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United States v. Booker

United States District Court, N.D. Mississippi

December 28, 2016

UNITED STATES OF AMERICA
v.
JOHNNY LEE BOOKER

          MEMORANDUM OPINION AND ORDER

          Debra M. Brown, UNITED STATES DISTRICT JUDGE

         Based on an investigation prompted by an anonymous call, Johnny Lee Booker was indicted of the crime of possessing a firearm as a convicted felon. Seeking to suppress the gun on which his indictment is premised, Booker argues that law enforcement officers lacked reasonable suspicion to make a Terry stop. Because the seizure of the gun from Booker was, at the least, based on information obtained during a consensual encounter and, at the most, based on a valid Terry stop, suppression will be denied.

         I Factual Background[1]

         In the afternoon of September 16, 2016, Ricky Bridges, a captain in the Clarksdale Police Department's Narcotics Division, received an anonymous telephone call on his cellular phone from an unknown number.[2] The caller said that Johnny Lee Booker was carrying a gun in the barbershop at “Jay's Market ... in his White Suburban.” Captain Bridges, who knew Booker from past investigations, drove with Sergeant Gary Smith and Corporal Myette Dawson to Jay's Market to investigate the anonymous tip.

         The officers drove to a point nearby where they could see the Suburban and “set up surveillance.” While waiting there, Bridges, who knew Booker from previous investigations, called the Mississippi Department of Corrections (“MDOC”) and confirmed his knowledge that Booker was a convicted felon.

         The officers thereafter observed Booker leave the barbershop, enter his car, pull into a nearby gas station, and then enter the station store. Corporal Dawson approached the gas station store's entrance door and opened it. Dawson, who was also familiar with Booker, saw Booker and asked him “to come outside the store.” Booker complied with this request.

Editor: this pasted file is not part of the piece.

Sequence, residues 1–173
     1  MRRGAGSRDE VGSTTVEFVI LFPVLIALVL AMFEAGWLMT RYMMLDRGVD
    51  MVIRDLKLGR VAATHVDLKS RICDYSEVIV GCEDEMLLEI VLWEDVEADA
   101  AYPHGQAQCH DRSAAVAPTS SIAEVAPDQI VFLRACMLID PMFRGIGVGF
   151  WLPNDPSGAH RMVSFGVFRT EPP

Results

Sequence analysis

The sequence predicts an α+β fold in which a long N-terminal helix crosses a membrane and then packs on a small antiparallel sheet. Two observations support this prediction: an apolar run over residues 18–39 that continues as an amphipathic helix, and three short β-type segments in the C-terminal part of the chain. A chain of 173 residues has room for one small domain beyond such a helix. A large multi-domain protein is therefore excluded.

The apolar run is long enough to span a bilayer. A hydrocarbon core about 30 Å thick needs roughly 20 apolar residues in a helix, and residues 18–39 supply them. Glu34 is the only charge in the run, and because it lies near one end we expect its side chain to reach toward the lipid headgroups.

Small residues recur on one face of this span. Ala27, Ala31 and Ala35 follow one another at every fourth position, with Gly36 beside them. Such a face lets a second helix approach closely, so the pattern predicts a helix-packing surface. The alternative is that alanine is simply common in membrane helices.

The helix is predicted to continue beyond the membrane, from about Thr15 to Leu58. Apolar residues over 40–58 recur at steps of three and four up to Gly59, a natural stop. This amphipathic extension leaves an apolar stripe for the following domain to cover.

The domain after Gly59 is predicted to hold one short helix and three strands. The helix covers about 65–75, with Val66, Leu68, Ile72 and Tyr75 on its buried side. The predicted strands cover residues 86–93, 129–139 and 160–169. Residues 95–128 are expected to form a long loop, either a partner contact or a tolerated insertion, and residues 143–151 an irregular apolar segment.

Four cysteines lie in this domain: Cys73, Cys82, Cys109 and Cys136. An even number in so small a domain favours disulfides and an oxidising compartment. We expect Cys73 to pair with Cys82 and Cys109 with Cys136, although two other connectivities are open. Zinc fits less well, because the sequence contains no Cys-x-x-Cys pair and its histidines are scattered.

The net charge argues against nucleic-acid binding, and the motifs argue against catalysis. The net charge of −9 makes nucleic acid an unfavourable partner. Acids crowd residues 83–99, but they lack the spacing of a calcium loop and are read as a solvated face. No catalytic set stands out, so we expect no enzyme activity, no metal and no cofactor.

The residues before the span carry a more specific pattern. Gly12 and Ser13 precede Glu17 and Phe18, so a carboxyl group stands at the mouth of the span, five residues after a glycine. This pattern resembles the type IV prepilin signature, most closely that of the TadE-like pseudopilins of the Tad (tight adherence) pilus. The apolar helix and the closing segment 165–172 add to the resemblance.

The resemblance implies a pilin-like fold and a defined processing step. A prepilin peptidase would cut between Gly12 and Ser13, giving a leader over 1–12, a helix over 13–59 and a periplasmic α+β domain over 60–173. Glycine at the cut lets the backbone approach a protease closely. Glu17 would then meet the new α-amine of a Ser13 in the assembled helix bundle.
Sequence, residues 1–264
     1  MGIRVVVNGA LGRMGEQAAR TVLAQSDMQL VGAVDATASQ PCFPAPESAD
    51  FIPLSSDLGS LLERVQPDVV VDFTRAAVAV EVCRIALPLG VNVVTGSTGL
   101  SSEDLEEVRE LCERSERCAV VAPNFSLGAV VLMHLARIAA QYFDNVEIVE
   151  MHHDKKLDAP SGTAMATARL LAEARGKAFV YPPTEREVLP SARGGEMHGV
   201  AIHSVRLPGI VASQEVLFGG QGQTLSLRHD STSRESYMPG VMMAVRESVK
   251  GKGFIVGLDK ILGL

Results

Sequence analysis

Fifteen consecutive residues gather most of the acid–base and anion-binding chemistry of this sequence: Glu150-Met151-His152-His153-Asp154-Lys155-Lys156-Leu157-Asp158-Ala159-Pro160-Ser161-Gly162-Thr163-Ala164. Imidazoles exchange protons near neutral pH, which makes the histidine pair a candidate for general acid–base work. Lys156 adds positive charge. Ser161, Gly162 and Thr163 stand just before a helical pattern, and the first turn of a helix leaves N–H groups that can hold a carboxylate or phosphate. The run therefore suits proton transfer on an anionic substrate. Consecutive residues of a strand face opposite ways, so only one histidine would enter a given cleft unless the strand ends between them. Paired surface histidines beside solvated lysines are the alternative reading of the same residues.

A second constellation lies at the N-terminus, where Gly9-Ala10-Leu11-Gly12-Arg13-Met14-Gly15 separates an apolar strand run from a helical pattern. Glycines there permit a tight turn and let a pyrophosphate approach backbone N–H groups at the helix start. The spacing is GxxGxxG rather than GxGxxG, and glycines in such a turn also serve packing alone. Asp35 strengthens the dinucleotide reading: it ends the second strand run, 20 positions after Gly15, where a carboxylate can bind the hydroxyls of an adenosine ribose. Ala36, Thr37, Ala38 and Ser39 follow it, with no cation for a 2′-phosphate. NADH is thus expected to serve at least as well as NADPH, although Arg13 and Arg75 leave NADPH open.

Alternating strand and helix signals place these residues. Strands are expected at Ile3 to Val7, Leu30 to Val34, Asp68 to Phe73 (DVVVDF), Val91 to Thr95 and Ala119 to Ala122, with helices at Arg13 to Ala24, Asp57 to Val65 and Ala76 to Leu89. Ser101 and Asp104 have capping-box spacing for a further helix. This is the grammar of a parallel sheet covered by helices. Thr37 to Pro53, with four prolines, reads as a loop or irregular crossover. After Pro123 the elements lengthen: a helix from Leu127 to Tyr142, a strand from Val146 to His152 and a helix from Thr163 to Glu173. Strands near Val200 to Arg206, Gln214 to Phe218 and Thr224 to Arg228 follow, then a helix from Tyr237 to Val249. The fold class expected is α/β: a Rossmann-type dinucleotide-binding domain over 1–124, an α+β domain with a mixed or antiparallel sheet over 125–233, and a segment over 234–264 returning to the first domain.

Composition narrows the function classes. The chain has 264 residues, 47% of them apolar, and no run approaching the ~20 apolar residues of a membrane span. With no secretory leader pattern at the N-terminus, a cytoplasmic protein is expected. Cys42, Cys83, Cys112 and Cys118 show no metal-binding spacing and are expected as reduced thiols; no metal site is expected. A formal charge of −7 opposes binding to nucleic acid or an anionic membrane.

“Immediately” after Booker exited the gas station, Captain Bridges asked Booker if he had any weapons on him. Booker stated that he did. Based on this admission, during what Bridges described as “a fairly pleasant conversation, ” Bridges retrieved and confiscated the gun from Booker.[3] While Bridges took the gun to his vehicle “to make it safe, ” Dawson and Smith searched Booker and retrieved an amount of cash. Booker was arrested on the scene for being a felon in possession of a firearm. During all events, the officers were not in uniform but in plain clothes, with their weapons and badges visible. The officers did not draw their weapons and did not make any violent physical contact with Booker.

         II Procedural History

         On November 3, 2016, Booker was indicted on one count of being a felon in possession of a firearm, in violation of 18 U.S.C. § 922(g)(1) and 18 U.S.C. § 924(a)(2). Doc. #1. On November 30, 2016, Booker filed the instant motion to suppress the gun which is the subject of the indictment. Doc. #12. The Government responded in opposition to the motion on December 9, 2016. Doc. #14. Booker did not reply.

         The Court convened an evidentiary hearing on the motion on December 20, 2016. Doc. #15. The Government called two witnesses-Captain Bridges and Corporal Dawson. Defendant called no witnesses but introduced into evidence without objection[4] a video of the encounter among Booker, Bridges and Dawson which occurred outside the gas station on September 16, 2016.

          III Standard of Review

         “The proponent of a motion to suppress has the burden of proving, by a preponderance of the evidence, that the evidence in question was obtained in violation of his Fourth Amendment rights.” United States v. Iraheta, 764 F.3d 455, 460 (5th Cir. 2014) (quoting United States v. Kelley, 981 F.2d 1464, 1467 (5th Cir. 1993)). Where, as here, evidence has been obtained through a warrantless search and seizure, “the government bears the burden of proving, by a preponderance of the evidence, that the search and seizure were constitutional.” United States v. McKinnon, 681 F.3d 203, 207 (5th Cir. 2012) (quoting United States v. Guerrero-Barajas, 240 F.3d 428, 432 (5th Cir. 2001)).

         IV ...


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